M. Caroline Burton, MD1*, Mark B. Warren, MD2, Maria I. Lapid, MD2, J. Michael Bostwick, MD2
1Division of Hospital Medicine, Department of Medicine, Mayo Clinic, Jacksonville, Florida; 2Department of Psychiatry, Mayo Clinic, Rochester, Minnesota.
BACKGROUND: Munchausen syndrome by proxy (MSBP), more formally known as factitious disorder imposed on another, is a form of abuse in which a caregiver deliberately produces or feigns illness in a person under his or her care so that the proxy will receive medical care that gratifies the caregiver. Although well documented in the pediatric literature, few cases of MSBP with adult proxies (MSB-AP) have been reported. This study reviews existing literature on MSB-AP to provide a framework for clinicians to recognize this disorder.
METHODS: We searched Ovid MEDLINE, Ovid EMBASE, PubMed, Web of Knowledge, and PsychINFO, supplemented by bibliographic examination.
RESULTS: We identified 13 cases of MSB-AP. Perpetrators were caregivers, most (62%) were women, and many worked in healthcare. The age range of the victims was 21 to 82 years. Most were unaware of the abuse, although in 2 cases the victim may have colluded with the perpetrator. Disease fabrication most often resulted from poisoning.
CONCLUSIONS: MSB-AP should be included in the differential diagnosis of patients presenting with a complex constellation of symptoms without a unifying etiology and an overly involved caregiver with suspected psychological gain. Early identification is necessary so that healthcare providers do not unknowingly perpetuate harm through treatments that satisfy the perpetrator’s psychological needs at the proxy’s expense. Journal of Hospital Medicine2015;10:32–35. VC 2014 Society of Hospital Medicine
Asher first described Munchausen syndrome by proxy over 60 years ago. “Like the famous Baron von Mun- chausen, the persons affected have always traveled widely; and their stories like those attributed to him, are both dramatic and untruthful.”1 Munchausen syndrome is a psychiatric disorder in which a patient intentionally induces or feigns symptoms of physical or psychiatric illness to assume the sick role. In 1977, Meadow described the first case in which a caregiver–perpetrator deliberately produced physical symptoms in a child for proxy gratification.2 Unlike malingering, in which external incentives drive conscious symptom falsification, Munchausen syndrome by proxy (MSBP) is associated with fulfillment of the abuser’s own psy- chological need for garnering praise from medical staff for devoted care given a sick child.3,4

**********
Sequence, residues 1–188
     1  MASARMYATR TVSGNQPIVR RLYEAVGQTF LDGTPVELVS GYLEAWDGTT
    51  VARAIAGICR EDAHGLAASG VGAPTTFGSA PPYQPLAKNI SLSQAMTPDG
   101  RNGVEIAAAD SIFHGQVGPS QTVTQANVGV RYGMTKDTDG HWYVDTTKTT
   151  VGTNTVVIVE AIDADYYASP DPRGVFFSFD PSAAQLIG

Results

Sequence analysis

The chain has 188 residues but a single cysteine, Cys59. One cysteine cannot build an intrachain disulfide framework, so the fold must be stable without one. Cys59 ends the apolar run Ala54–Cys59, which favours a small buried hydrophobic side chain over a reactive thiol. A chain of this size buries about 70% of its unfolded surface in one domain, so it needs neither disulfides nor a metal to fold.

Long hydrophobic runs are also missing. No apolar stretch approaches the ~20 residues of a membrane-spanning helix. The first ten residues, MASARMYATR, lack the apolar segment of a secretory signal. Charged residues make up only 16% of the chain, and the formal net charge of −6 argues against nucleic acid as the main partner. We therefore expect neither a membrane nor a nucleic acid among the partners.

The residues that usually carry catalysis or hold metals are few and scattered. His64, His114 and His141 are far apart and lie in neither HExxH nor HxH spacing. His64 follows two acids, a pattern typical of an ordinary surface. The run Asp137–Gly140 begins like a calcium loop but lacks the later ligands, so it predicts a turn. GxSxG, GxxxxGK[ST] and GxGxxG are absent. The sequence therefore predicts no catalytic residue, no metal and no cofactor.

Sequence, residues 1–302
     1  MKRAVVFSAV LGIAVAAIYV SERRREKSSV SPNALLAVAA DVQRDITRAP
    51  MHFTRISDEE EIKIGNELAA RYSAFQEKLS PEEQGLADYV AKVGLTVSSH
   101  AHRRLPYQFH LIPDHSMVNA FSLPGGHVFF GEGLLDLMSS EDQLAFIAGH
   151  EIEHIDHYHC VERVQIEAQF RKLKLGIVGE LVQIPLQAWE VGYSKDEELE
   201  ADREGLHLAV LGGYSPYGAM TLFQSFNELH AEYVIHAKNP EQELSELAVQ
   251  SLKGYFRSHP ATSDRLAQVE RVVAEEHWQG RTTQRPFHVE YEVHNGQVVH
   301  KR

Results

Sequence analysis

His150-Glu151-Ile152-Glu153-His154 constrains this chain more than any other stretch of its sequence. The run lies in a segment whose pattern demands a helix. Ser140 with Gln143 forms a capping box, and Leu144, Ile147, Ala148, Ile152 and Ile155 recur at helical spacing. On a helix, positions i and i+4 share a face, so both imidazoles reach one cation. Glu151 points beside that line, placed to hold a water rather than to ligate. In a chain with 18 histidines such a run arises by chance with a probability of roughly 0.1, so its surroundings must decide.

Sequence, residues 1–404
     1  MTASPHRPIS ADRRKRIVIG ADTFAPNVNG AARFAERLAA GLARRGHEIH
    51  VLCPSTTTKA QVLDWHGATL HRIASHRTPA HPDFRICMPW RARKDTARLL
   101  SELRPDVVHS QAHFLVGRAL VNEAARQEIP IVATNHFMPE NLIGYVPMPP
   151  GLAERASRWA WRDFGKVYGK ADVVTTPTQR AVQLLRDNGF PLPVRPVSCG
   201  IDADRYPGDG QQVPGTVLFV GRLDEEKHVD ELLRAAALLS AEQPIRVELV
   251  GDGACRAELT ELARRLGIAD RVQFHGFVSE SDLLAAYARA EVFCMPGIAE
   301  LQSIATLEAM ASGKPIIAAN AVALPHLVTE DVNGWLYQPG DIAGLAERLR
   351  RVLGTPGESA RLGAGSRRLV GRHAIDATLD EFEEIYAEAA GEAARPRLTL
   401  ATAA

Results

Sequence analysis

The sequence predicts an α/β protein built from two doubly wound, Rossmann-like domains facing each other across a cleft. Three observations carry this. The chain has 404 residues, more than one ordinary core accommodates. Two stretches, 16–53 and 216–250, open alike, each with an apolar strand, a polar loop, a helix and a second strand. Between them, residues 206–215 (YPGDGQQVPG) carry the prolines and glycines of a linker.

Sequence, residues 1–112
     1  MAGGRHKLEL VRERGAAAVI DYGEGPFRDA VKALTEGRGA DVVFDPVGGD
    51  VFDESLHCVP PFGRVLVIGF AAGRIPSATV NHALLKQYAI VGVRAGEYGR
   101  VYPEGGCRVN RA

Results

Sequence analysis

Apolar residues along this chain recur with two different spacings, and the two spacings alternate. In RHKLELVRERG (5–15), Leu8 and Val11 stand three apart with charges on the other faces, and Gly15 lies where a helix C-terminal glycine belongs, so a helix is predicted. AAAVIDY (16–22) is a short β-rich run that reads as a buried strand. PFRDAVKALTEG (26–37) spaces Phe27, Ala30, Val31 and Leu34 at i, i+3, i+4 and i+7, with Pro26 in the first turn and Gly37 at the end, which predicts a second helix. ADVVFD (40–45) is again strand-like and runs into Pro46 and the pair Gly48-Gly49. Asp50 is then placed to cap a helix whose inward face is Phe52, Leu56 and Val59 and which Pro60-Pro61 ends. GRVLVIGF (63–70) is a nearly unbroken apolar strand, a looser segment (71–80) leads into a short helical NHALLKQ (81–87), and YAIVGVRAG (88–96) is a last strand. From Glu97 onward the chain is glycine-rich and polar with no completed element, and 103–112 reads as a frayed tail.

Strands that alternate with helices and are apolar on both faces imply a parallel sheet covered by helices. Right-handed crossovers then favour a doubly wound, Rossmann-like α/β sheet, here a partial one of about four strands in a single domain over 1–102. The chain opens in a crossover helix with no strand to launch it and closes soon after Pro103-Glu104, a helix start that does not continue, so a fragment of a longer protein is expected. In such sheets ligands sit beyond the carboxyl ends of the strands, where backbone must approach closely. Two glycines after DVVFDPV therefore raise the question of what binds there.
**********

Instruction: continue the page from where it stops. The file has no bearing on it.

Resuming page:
MSBP was once considered vanishingly rare. Many experts now believe it is more common, with a reported annual incidence of 0.4/100,000 in children younger than 16 years, and 2/100,000 in children younger than 1 year.5 It is a disorder in which a par- ent, often the mother (94%–99%)6 and often with training or interest in the medical field,5 is the perpe- trator. The medical team caring for her child often
views her as unusually helpful, and she is frequently psychiatrically ill with disorders such as depression, personality disorder, or prior personal history of somatoform or factitious disorder.7,8 The perpetrator typically inflicts physical harm, although occasionally she may simply lie about symptoms or tamper with laboratory samples.5 The most common methods of inflicting harm are poisoning and suffocation. Overall mortality is 6% to 9%.6,9
Although a large body of literature addresses pedi- atric cases, there is little to guide clinicians when vic- tims are adults. An obvious reason may be that MSBP with adult proxies (MSB-AP) has been reported so rarely, although we believe it is under-recognized and more common than thought. The primary objective of this review was to identify all published cases of MSB-AP, and synthesize them to characterize victims and perpetrators, modes of deceit, and relationships between victims and perpetrators so that clinicians will be better equipped to recognize such cases or at least include MSB-AP in the differential of possibilities when symptoms and history are inconsistent.
The Mayo Clinic Rochester Institutional Review Board approved this study. The databases of Ovid MEDLINE, Ovid EMBASE, PubMed, Web of Knowl- edge, and PsychINFO were searched from inception through April 2014 to identify all published cases of Munchausen by proxy in patients 18 years or older. The following search terms were used: “Munchausen syndrome by proxy,” “factitious disorder by proxy,” “Munchausen syndrome,” and “factitious disorder.” Reports were included when they described single or multiple cases of MSBP with victims aged at least 18 years. The search was not limited to articles published in English. Bibliographies of selected articles were reviewed for reports identifying additional cases.
We found 10 reports describing 11 cases of MSB-AP and 1 report describing 2 unique cases of MSB-AP (Tables 1 and 2). Two case reports were published in French10,11 and 1 in Polish.12 Sigal et al.13 describes 2 different victims with a common perpetrator, and another report14 describes the same perpetrator with a third victim. One case, though cited as MSB-AP in the literature was excluded because it did not meet the criteria for the disorder. In this case, the wife of a 28- year-old alcoholic male poured acid on him while he was inebriated, ostensibly to vent frustration and coerce him into sobriety.15,16
Of the 13 victims, 9 (69%) were women and 4 (31%) were men. Of the ages reported, the median age was 69 years and the mean age was 51 (range, 21–82 years). Exact age was not reported in 3 cases. Lying about signs and symptoms, but not actually inducing injury, occurred in 3 cases (23%), whereas in 10 cases (77%), the victims presented with physical findings, including coma (3), rash (2), skin abscesses (2), syncope (1), recurrent bacteremia (1), and fluid overload (1). Seven (54%) of the victims were pois- oned, 2 via drug injection and 5 by beverage/food contamination. A perpetrator sedated 3 victims and subsequently injected them, 2 with gasoline and another with turpentine. Two of the victims were involved in business, 1 worked in childcare, 1 attended beauty school after graduating from high school, 1 attended college, and 1 was developmentally delayed. Victim education or occupation was not reported in 7 cases.